Welcome to San Leon

This post comes to you from Shrimp Boat Projects

Map reprinted from History of San Leon, Vol.1 by Alecya Gallaway (Left); Shrimp Boat Projects map of San Leon (Right)

“Why would I want to live anywhere else?” – Dusty Hill, bassist for the band ZZ Top and former San Leon resident

Not only is San Leon our favorite unincorporated municipality in Texas, it is now also the home of the F/V Discovery!

Long before we started this project, San Leon was our respite from Houston and a point of access to Galveston Bay. We came to eat shrimp and oysters at Gilhooley’s and the Topwater Grill, enjoy a cold beer at the Sunset Lounge and relax along the shores of the bay in a place that truly has an off-the-map quality, an end-of-the-road sensibility and a disdain for most of things that make typical small towns “typical”. The character of the place may be derived as much from its unique geography as its unusual history. At an event last spring in Galveston, Gator Miller, the local publisher of the Sea Breeze News, explained that San Leon, as we currently know it, was actually developed through a real estate promotion concocted by Galveston Daily News, in which subscribers to the newspaper were given lots on the peninsula. When subscriptions were cancelled, so were the lots. The net result is a town that apparently has no clear title to any of its lots, and consequently no chain stores or franchised establishments.  While the strip mall may be prolific in the larger Houston region, here in San Leon, it’s absence seems appropriate. The town is, afterall, on a peninsula, framed by the bay on three sides, and with just a couple roads leading in and out. This is not a place where you might end up by mistake. You must willfully choose to visit San Leon, and when you do, you will be rewarded.

And yet, despite all of the romantic reasons for spending more time in San Leon, it was for purely practical reasons that led us to dock our boat here at April Fool Point. Because the town is surrounded by the bay, we now have immediate access to the fishing grounds of the bay. And this geography also insures that we’re situated in a place that is strongly identified with what’s left of the shrimping and oystering industries on the bay. Our immediate neighbors include longtime bay shrimpers Dub and Johnny, a popular local seafood joint called the Topwater Grill, and Misho’s Oyster Company, perhaps the largest processor of local oysters on the bay. And our new landlord, Capt. Wally, the individual perhaps most identified with April Fool Point, harbors a lifelong attachment to the sea, and a virtual library of sea-faring stories from Galveston Bay, to his native Poland and everywhere in between. And he’s the owner of the Point’s namsake shrimp boat the April Fool.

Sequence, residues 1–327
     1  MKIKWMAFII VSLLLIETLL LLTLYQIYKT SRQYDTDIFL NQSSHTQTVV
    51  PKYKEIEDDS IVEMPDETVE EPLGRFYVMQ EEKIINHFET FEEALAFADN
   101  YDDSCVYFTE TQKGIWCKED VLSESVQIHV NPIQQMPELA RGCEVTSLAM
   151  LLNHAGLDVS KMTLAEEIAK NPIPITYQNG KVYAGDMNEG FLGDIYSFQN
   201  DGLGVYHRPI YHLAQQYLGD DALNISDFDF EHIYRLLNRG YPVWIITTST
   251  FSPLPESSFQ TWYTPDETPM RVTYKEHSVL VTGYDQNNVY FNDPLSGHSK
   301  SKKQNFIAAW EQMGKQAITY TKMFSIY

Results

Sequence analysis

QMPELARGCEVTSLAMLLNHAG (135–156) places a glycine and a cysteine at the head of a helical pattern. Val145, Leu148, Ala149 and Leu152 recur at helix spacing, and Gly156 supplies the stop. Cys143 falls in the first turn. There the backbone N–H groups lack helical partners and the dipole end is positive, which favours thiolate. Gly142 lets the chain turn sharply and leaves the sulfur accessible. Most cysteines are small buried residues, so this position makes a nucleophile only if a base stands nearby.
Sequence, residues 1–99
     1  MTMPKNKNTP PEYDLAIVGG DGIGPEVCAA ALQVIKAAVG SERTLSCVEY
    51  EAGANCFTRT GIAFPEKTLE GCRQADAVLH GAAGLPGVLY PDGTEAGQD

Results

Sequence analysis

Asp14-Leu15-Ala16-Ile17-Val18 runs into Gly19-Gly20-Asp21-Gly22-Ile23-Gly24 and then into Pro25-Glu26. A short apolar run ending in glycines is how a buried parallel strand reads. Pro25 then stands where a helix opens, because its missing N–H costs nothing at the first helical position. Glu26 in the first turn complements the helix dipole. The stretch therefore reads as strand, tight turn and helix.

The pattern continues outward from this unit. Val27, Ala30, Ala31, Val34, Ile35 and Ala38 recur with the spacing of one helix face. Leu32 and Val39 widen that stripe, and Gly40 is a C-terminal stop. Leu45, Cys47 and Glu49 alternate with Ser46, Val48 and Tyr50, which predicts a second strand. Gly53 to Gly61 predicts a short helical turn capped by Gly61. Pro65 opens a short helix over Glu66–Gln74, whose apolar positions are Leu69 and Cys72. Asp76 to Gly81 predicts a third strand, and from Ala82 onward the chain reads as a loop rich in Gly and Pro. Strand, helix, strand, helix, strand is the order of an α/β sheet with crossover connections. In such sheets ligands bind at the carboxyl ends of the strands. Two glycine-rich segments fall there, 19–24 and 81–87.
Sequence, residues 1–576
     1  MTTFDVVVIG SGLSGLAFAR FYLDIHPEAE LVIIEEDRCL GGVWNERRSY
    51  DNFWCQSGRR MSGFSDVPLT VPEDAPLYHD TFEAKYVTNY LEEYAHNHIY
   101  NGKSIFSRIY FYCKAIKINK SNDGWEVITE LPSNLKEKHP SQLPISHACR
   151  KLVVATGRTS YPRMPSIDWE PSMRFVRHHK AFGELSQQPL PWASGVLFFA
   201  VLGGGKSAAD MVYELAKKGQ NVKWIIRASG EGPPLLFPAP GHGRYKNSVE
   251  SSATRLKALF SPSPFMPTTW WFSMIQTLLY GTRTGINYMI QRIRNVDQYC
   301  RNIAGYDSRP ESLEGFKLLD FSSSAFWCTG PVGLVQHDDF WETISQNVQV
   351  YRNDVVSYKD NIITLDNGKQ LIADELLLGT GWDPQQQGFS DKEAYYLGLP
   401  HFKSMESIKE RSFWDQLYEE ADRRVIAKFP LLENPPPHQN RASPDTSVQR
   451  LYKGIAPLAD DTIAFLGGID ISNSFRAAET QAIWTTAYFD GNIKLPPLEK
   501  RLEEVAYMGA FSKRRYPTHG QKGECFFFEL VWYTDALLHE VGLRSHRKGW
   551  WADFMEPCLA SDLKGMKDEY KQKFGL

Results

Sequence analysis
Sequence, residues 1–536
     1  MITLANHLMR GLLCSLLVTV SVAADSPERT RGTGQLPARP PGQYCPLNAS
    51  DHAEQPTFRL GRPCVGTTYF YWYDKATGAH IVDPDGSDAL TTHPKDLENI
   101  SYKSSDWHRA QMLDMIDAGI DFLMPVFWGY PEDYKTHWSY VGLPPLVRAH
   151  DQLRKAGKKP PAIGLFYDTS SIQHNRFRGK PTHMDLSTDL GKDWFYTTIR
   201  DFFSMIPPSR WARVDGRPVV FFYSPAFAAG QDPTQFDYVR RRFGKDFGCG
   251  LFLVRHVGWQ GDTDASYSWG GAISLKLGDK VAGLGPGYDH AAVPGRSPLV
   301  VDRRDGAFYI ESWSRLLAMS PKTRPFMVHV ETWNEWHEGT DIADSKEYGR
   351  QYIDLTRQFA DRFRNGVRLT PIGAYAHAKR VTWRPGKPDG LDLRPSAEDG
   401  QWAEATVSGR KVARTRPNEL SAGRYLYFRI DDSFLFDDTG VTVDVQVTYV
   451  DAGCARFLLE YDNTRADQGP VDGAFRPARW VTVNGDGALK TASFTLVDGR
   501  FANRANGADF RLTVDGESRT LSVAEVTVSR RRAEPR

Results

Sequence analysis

The F/V Discovery in its new home at San Leon's April Fool Point.

We’re not sure how long the F/V Discovery will be in San Leon, a lot of that depends on us actually catching shrimp. But we’re pretty sure this town isn’t going anywhere. Like most good places on the Texas coast, it’s a resilient place that has picked itself up after each hurricane. Many of the places we frequent took a battering in Hurricane Ike, but they’re still here. So do yourself a favor, turn off the main road and come visit San Leon.


Shrimp Boat Projects is a creative research project that explores the regional culture of the Houston area. The primary site of the investigation is a working shrimp boat on Galveston Bay which serves as a catalyst for labor, discussion and artistic production. Shrimp Boat Projects is co-created by Eric Leshinsky and Zach Moser, artists-in-residence at the University of Houston Cynthia Woods Mitchell Center for the Arts.

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#dusa, #tcgcon, #emos and other modern conference paradigms

I think the most stand out thing at the arts service conferences is the buzz around twitter. I allowed for an hour of twitter twitter in my class back in March and I find it all pretty funny. As the target of most contemporary advertising and inventive marketing, and typically an early adopter, I find the fervor more entertaining than anything else. It’s like when I tried to explain the answering machine to my grandmother. 

The feeling I’ve been getting is that the twittachment is somewhat caused by a messianic appeal of a way to reach youth. Somewhere though, the phrase “content is king” got left out. It’s all about the medium and nothing about the message, so that when the medium is the message all you’re saying by using twitter is that you know about twitter. Whether you say something in 140 characters sent out into the ether for all of your casual followers, or you send them a postcard, it doesn’t mean anything unless it means something. 

That is to say, I’m missing the discussion about modeling and alternative revenue streams. It all just sounds like new ways to market the same old thing… like gillette adding a blade to its vibrating razor. The revolutionary thought would be, and I think even going backwards to my idea of “ancient technology” is revolutionary at times, would be to sell an old school straight razor. Between the retro and hardcore cachés and durability in light of disposable disdain, it would be meaningful if not successful. And, when it seems the arts are about losing money for culture, at least as long as we’re attached to our 501(c)3 stati, that might be successful. 

So Theater, Dance, non-profit arts presenters, I ask you: what is your message? Is it that you know how to use a computer and have internet access that you can stick interns on to try and build youthful cache? Or, is it something worth twittering about?